Based on data in the European Commission's socio-economic report published in 2004, (prior to battery cages being banned in the EU) it cost €0.66 to produce 12 battery eggs, €0.82 to produce 12 barn eggs and €0.98 to produce 12 free-range eggs. This means that in 2004, one free-range egg cost 2.6 cents more to produce than a battery egg, and a barn egg cost 1.3 cents more to produce than a battery egg. The Commission’s report concludes that, if costs were to increase by 20%, which it says is the type of percentage increase in terms of variable costs that producers are likely to face as a result of switching to free-range, the industry will potentially suffer a loss of producer surplus of €354 million (EU-25). The margins achieved by producers for barn and free-range eggs are appreciably higher than those that were available for battery eggs. The Commission’s socio-economic report shows that margins for free-range eggs were around twice as high as those for battery eggs.
Many animal welfare advocates, including the Humane Society of the United States maintain that cage-free and free-range eggs constitute a considerable improvement for laying hens. This has led to the adoption of a cage-free eggs standard by most major food companies in the United States, although in 2017, it was estimated cage-free eggs represented only 10% of all produced. Pundits and food commentators have described the 2016 shift toward cage-free eggs across the food industry as a "bold decision" and historic shift. Several investigations, particularly by the animal rights group Direct Action Everywhere (DxE), have raised doubts about to what degree cage-free farms are an improvement for laying hens. An investigation of a cage-free Costco facility in late 2016 purported to find cannibalism from the birds attacking each other, and concluded that neither caged nor cage-free facilities offered laying hens positive lives.
Free-range eggs may be broader and have more of an orange colour to their yolks owing to the abundance of greens and insects in the birds' diet. However an orange yolk is no guarantee that an egg was produced by a free-range hen. Feed additives such as marigold petal meal, dried algae and alfalfa meal can be used to colour the yolks.
Contrary to popular belief, in the United States free-range regulations do not necessarily require that hens spend substantial time outdoors, only that the hens "have access to the outdoors". This access may be for very brief periods and the outside area may be small and sparse. Stocking densities indoors are often high, and many hens may stay inside as dominant hens often prevent the others from having access to the outside yard.
Differences in age, strain and nutrition of the hens make scientific conclusions about the effects of housing systems on the quality of the eggs exceedingly difficult. Consumer perceptions of these alternative systems delivering a better product are then scientifically unjustified in terms of there being any nutritional difference. A 2011 research study carried out in North Carolina compared free-range and conventional caged eggs for fatty acids, cholesterol, vitamins A and E, finding higher fat content in free-range eggs, and no significant difference in cholesterol and vitamin levels. Vitamin D in eggs has been observed to increase up to 4 times in hens that have exposure to sunlight, compared to hens that are kept away from sunlight. Another research suggests that grass fed hens can produce eggs that are rich in (n−3) fatty acids, without adverse oxidative effects. Some other non peer-reviewed studies have found evidence for nutritional benefit of free-range eggs.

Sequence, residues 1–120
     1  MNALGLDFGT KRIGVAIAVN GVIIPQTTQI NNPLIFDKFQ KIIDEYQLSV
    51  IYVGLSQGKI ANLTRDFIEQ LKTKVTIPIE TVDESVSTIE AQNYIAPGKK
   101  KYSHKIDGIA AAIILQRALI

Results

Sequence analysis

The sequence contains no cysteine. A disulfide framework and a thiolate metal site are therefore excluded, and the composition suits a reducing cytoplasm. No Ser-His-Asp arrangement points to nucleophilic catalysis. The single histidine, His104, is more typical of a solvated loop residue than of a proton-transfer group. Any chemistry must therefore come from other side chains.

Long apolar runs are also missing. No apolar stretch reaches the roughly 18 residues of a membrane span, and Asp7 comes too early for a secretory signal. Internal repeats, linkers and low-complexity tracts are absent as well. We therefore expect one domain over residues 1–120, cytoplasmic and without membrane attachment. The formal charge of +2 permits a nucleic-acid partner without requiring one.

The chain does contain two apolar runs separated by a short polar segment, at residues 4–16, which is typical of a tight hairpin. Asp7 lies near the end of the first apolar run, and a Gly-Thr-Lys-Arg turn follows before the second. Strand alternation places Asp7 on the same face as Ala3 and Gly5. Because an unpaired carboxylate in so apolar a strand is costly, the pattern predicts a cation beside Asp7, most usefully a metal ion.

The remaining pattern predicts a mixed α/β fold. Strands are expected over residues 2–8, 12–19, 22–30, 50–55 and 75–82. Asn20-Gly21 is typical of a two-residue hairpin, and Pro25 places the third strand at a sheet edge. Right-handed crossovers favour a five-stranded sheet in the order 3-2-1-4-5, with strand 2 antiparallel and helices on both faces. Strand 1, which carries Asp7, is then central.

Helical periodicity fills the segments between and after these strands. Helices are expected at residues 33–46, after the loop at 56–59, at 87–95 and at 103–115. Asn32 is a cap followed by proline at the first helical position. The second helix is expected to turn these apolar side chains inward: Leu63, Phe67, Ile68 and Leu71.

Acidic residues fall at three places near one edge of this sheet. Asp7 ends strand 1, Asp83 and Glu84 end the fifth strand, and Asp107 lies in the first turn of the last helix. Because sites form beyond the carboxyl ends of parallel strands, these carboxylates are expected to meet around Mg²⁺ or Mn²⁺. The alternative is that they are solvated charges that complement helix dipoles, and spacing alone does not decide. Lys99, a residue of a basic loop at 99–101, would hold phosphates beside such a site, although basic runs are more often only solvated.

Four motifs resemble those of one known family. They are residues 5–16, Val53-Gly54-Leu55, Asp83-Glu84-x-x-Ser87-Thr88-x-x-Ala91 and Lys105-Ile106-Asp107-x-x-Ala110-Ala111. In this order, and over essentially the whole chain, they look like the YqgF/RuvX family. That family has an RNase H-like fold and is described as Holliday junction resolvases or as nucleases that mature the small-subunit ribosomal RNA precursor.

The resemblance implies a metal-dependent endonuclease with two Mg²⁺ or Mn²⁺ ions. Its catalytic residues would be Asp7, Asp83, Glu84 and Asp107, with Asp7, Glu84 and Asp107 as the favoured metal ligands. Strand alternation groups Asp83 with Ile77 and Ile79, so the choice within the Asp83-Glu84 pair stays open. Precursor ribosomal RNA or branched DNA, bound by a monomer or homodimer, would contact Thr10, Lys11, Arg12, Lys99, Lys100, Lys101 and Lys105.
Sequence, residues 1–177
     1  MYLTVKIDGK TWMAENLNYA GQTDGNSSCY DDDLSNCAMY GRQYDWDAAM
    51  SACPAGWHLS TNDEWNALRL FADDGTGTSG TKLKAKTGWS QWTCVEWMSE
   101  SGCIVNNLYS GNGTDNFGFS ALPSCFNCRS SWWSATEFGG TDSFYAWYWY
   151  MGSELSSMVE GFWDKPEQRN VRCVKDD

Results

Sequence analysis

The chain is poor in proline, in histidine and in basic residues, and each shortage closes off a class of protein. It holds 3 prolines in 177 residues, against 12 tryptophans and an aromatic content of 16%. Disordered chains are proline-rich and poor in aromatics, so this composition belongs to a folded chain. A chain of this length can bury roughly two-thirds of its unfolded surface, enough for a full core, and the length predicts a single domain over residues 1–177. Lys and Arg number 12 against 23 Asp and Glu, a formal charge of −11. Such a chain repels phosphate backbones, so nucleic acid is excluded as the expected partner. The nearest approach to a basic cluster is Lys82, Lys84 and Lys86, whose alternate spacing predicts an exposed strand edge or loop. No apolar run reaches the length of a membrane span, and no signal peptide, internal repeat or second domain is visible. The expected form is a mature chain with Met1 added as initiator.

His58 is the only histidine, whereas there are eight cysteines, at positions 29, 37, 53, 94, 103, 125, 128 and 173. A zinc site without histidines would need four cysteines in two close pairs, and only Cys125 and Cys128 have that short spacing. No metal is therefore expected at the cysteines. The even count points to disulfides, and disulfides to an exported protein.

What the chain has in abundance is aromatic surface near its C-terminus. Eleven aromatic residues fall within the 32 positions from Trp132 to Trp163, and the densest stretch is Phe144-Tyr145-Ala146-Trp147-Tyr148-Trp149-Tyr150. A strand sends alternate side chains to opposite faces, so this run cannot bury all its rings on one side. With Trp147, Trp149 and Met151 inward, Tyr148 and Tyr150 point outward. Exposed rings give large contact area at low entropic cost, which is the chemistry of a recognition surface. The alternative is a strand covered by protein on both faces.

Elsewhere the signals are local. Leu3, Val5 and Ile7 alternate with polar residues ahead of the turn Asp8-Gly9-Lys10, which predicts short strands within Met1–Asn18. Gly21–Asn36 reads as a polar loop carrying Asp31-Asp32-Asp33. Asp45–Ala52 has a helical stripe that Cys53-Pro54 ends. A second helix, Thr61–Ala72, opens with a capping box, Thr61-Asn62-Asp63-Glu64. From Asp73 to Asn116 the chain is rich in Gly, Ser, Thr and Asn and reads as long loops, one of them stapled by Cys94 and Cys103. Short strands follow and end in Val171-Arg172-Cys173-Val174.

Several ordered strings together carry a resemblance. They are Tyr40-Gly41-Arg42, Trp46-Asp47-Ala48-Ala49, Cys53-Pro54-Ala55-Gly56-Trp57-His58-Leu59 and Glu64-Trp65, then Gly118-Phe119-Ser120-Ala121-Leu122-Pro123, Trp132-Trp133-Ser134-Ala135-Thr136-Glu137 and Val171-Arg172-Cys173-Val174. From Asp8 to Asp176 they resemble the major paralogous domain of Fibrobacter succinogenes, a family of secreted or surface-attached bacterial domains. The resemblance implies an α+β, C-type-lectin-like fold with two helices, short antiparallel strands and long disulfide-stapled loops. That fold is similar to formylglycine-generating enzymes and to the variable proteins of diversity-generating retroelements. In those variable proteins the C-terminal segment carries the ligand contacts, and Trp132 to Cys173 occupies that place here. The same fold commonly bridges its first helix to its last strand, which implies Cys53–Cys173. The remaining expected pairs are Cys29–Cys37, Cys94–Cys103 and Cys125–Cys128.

Several major retailers have a policy of selling only free-range eggs, or, not selling battery-cage eggs. Some retailers apply this policy not just to eggs in their shells, but also to eggs used in baked goods and processed products such as ready-made meals, quiches and ice cream. In the UK, The Co-Operative and Marks & Spencer sell only free-range shell eggs and use only free-range eggs in their entire range of baked goods, processed products, and ready-made meals. Waitrose sells only non-cage shell eggs, and uses only free-range eggs in their processed products and ready-made meals.
As of 1 January 2007 (with one minor exception), all Austrian supermarkets no longer sell battery eggs. Many retailers in the Netherlands, including Albert Heijn and Schuitema (subsidiaries of Ahold), Laurus (including Edah, Konmar and Super de Boer), Dirk van den Broek (including Bas van der Heijden and Digros), Aldi and Lidl sell only free-range shell eggs; however the free-range eggs that are sold in Aldi and Lidl do not meet some country's recommendations for the production of free-range eggs. Three Belgian supermarkets: Makro, Colruyt and Lidl, no longer sell battery eggs. The Commission’s report states that Sweden's move away from conventional battery cages has been aided by the decision by the four largest retailers (who between them account for 98-99% of the Swedish retail market) to stop stocking conventional battery eggs. U.S. food suppliers Aramark and Unilever have announced they intend to buy only cage-free eggs, but as of 2013 there are not enough available to supply them.
In Australia free-range eggs that are sold in Aldi and Lidl do not meet CSIRO’s Model Code recommendation of 1,500 hens per hectare. In March 2016, Australian ministers voted in new standards for the definition of free-range. The new standards allow for up to 10,000 birds per hectare, with no requirement for the hens to actually go outside. CHOICE, Australia's largest non-profit consumer organisation  believes Australia's consumer affairs ministers made the decision to put the interests of large-scale Australian egg producers ahead of the needs of consumers. A group called PROOF (standing for Pasture Raised On Open Fields) is now in the process of developing an accreditation scheme which will see the term "pastured" start appearing on cartons. The guidelines for PROOF's pastured eggs allow for a maximum stocking density of 1500 birds per hectare (in line with the CSIRO Model Code) as well as requiring that hens are able to range freely in open fields or paddocks. So far, PROOF has 12 licensed egg farms in Australia, with another eight in the pipeline.
In the UK, charities such as Fresh Start for Hens and British Hen Welfare Trust organise rehoming for ex-factory hens that would otherwise be slaughtered. Private smallholders pay around £4-5 per "rescue hen", and these birds (which may still be laying daily) then spend a "retirement" in a true free-range environment. The BHW Trust says that there is no better education than watching an ex-battery hen's confusion and bewilderment turn into wonderment at her new environment.